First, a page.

One of the mysteries of the English language finally explained.
Originally: articulation between two bones having nearly flat opposing surfaces, allowing only a limited gliding movement (now rare); (later) a joint of this type.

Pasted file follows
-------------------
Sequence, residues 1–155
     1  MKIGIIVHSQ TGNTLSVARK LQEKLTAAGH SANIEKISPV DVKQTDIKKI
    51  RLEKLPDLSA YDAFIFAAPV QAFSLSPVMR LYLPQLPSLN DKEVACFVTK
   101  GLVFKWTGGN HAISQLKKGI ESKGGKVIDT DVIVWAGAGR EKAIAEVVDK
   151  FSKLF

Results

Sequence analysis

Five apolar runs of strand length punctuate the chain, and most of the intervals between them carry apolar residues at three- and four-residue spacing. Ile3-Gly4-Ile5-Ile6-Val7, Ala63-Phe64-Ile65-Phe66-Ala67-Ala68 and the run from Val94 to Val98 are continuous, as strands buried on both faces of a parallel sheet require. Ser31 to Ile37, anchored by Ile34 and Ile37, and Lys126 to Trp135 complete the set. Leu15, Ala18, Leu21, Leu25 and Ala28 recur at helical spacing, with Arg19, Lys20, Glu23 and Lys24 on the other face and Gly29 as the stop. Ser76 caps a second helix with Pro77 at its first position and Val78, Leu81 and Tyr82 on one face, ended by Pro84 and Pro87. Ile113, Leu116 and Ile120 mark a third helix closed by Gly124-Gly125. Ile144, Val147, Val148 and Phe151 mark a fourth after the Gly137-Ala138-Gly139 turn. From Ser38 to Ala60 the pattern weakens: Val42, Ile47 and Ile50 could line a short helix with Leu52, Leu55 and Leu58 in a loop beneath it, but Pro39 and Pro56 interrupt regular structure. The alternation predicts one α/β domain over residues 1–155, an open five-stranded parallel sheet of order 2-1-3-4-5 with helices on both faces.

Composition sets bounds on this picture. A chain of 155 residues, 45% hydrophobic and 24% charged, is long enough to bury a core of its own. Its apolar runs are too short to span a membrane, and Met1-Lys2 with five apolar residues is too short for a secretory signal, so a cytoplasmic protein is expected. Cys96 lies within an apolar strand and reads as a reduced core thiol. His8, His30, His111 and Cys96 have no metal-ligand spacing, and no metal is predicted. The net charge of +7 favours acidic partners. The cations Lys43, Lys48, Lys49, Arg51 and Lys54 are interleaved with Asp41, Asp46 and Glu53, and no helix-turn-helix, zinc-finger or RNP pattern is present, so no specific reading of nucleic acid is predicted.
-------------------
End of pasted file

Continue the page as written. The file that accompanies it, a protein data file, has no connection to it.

Mid 16th century; earliest use found in John Hall (1529–1568/9), surgeon and author. From post-classical Latin arthrodia from Hellenistic Greek ἀρθρωδία (Galen) from ancient Greek ἀρθρώδης well-articulated (from ἄρθρον joint + -ώδης) + -ία.
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